Last, AI agents can provide the ability to ‘MoneyBall’ diverse approaches to wargaming and planning.  ‘Anti-fragile’ strategies that incorporate both chaos and order is a strong suit for a free society, especially against an authoritarian regime.  Since logistics planning is a necessity, this form of modeling would allow for enough branches to make space for mission command at echelon, which will in turn impose costs on an adversary well prior to conflict. 


In order to pursue these objectives, three goals must be met by the AI modeling effort:

-1) Tactical modeling.  The ability for AI agents to model tactical encounters in a relevant wargaming system, which will provide a rigorous tool for adjudicating operational-level wargaming moves.

-2) Logistical modeling.  Given a combat desired force in a scenario, AI agents can model one or ideally several scenarios for basing and logistical support.

-3) Operational modeling.  (stretch goal) Given an operational design, complete laydown, tactical encounters, and operational level branching in order to provide a ‘strawman’ initial analysis of a concept of operations.


This proposal supports the requirement for DAF warfighters to be educated about real operational threats. Further, this will provide the ability for warfighters to better assess strategies, tactics, and procedures against thinking and adaptive opponents. In so doing, this SBIR will help prepare DAF members to be ready to deploy and fight (OI 7) while ensuring an operational understanding of JADC2 (OI 2) and enabling the analysis of alternatives for resilient forward-basing options (OI 5).


Engaged Stakeholders: AFWERX Spark, AFIMSC, Morpheus, Air Force Gaming, Lincoln Labs, DAF, MIT AIA


PHASE I: The objective of Phase I is that projects will demonstrate their game’s playability, DoD relevance, and data extraction capability. The team is seeking games that can balance abstraction and realism, sufficiently mimicking the operational level of war for warfighter education and human evaluation while maintaining high levels of engagement and playability. Additionally, games will demonstrate their ability to export gameplay data that fully and efficiently captures in-game experience for a broad gamut of post processing. In this feasibility study, companies will demonstrate their capability of data extraction.


PHASE II: Phase II will focus on game flexibility, scaleability, and capability demonstration with real gameplay. In addition to Phase I goals (playability, relevance, and extraction capability), performers will demonstrate the commercialization potential of their game (more data to capture for AI agent training), their ability to host their game on government servers and provide a continuous stream of data during the PoP from all hosted games. Additionally, performers shall give the USG the ability to extend scenarios with user-defined assets, inject AI agents as players, and permit faster-than-real-time command-line gameplay suitable for agent training.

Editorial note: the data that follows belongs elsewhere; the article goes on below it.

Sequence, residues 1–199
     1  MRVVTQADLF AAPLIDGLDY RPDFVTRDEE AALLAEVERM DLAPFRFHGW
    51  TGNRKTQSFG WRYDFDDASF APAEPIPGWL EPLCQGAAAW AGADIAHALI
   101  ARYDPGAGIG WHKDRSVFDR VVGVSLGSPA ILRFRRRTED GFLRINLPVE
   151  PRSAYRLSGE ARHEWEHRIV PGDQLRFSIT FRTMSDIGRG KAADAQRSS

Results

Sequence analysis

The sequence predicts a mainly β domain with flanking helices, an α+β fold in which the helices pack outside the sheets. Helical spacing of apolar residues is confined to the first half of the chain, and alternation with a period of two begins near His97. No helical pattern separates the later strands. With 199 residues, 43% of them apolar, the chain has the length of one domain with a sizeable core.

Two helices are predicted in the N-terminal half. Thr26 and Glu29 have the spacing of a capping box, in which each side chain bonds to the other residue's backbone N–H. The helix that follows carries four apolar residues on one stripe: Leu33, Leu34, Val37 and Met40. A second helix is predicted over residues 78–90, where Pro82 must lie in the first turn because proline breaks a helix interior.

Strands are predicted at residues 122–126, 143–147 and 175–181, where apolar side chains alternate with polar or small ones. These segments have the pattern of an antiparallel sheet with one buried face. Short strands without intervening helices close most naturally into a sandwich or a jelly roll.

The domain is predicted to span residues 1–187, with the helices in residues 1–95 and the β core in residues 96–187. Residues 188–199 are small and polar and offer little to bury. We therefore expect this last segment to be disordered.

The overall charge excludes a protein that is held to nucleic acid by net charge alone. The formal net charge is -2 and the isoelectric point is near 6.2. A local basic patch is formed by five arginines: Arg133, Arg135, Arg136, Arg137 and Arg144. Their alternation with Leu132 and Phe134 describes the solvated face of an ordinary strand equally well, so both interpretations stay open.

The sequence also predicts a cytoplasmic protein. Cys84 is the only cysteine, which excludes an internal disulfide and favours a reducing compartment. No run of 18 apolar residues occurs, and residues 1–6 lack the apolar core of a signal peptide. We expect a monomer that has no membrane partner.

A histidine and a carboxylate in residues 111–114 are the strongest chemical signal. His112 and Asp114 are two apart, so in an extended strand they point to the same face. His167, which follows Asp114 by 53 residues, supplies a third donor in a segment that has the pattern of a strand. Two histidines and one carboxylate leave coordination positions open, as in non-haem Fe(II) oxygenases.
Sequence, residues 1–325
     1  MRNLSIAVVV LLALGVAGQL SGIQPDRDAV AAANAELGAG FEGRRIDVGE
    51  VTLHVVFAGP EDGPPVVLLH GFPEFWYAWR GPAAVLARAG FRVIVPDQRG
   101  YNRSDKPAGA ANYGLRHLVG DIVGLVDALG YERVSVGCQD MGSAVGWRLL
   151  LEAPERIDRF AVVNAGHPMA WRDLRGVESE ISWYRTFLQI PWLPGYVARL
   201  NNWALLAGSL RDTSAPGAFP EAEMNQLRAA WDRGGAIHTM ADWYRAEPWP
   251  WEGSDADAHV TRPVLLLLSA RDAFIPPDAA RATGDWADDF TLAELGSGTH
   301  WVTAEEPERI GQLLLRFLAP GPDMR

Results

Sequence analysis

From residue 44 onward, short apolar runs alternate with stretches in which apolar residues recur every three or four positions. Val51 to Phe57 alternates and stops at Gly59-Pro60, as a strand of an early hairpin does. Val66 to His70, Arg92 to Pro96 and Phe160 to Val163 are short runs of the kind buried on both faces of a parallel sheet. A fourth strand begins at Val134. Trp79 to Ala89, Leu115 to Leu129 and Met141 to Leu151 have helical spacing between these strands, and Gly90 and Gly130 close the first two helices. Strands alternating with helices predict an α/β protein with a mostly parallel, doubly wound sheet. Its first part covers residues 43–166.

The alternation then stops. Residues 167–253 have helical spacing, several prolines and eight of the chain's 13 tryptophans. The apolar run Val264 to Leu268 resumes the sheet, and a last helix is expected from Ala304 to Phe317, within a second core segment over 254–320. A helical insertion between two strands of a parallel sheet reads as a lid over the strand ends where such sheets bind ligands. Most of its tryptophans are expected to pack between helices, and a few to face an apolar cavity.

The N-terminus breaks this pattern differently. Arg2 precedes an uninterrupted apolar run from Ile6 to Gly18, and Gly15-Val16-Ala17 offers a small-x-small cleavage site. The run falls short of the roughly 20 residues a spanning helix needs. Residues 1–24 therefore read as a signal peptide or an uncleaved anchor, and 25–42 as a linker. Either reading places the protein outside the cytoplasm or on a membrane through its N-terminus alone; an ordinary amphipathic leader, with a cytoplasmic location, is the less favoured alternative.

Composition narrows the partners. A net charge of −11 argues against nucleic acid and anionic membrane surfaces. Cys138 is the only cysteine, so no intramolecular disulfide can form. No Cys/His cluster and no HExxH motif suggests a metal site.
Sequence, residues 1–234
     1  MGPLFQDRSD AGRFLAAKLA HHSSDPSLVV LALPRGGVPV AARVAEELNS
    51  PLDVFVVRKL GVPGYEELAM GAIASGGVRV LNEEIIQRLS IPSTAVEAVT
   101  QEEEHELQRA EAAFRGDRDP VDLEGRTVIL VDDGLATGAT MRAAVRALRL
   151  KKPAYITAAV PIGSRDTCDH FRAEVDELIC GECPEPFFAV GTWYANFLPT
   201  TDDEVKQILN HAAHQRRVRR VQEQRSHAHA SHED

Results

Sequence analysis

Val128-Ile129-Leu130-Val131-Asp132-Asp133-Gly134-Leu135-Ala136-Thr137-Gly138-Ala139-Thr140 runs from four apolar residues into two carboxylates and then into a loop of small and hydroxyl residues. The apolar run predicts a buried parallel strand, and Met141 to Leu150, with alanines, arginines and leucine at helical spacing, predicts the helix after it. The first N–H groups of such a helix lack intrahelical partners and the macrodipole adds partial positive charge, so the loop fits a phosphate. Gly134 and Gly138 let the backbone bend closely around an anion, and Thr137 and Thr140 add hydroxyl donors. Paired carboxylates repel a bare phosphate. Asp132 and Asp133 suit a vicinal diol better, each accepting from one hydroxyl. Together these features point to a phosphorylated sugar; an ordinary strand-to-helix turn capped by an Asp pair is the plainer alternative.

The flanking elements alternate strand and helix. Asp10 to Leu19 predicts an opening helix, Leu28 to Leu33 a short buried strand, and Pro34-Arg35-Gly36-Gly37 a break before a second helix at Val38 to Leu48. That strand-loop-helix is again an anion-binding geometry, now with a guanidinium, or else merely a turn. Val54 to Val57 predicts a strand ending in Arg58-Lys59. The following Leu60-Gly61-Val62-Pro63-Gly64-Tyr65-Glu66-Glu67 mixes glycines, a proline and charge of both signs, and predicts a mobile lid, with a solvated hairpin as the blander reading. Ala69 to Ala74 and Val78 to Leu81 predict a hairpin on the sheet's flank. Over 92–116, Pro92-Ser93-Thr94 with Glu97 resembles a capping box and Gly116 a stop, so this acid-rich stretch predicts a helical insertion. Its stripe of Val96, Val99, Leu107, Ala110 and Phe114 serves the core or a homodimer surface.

PHASE III DUAL USE APPLICATIONS: The future of gaming will require extensible, AI-ready games capable of employing cooperative and competitive agents as NPCs. The ability to inform the development of these agents using real gameplay data from experienced users could be invaluable. These capabilities for small game companies improve the reach, enjoyability, and accessibility of their games to the worldwide market. In ensuring their games are AI-ready, games will improve their marketability for future research and development to unique markets.



Vinyals, Oriol, et al. "Grandmaster level in StarCraft II using multi-agent reinforcement learning."Nature 575.7782 (2019): 350-354.;
Meta Fundamental AI Research Diplomacy Team (FAIR)†, et al. "Human-level play in the game of Diplomacy by combining language models with strategic reasoning." Science 378.6624 (2022): 1067-1074.;
Siu, Ho Chit, et al. "Evaluation of human-AI teams for learned and rule-based agents in Hanabi. "Advances in Neural Information Processing Systems 34 (2021): 16183-16195.; 
 Lyons, Joseph, et al. "Measuring Perceived Agent Appropriateness in a Live-Flight HumanAutonomy Teaming Scenario." Ergonomics in design (2022): 10648046221129393.;
 Silver, David, et al. "Mastering the game of Go with deep neural networks and tree search." nature 529.7587 (2016): 484-489.;


KEYWORDS: Wargaming, Data Analysis, Artificial Intelligence, Imitation Learning, Reinforcement Learning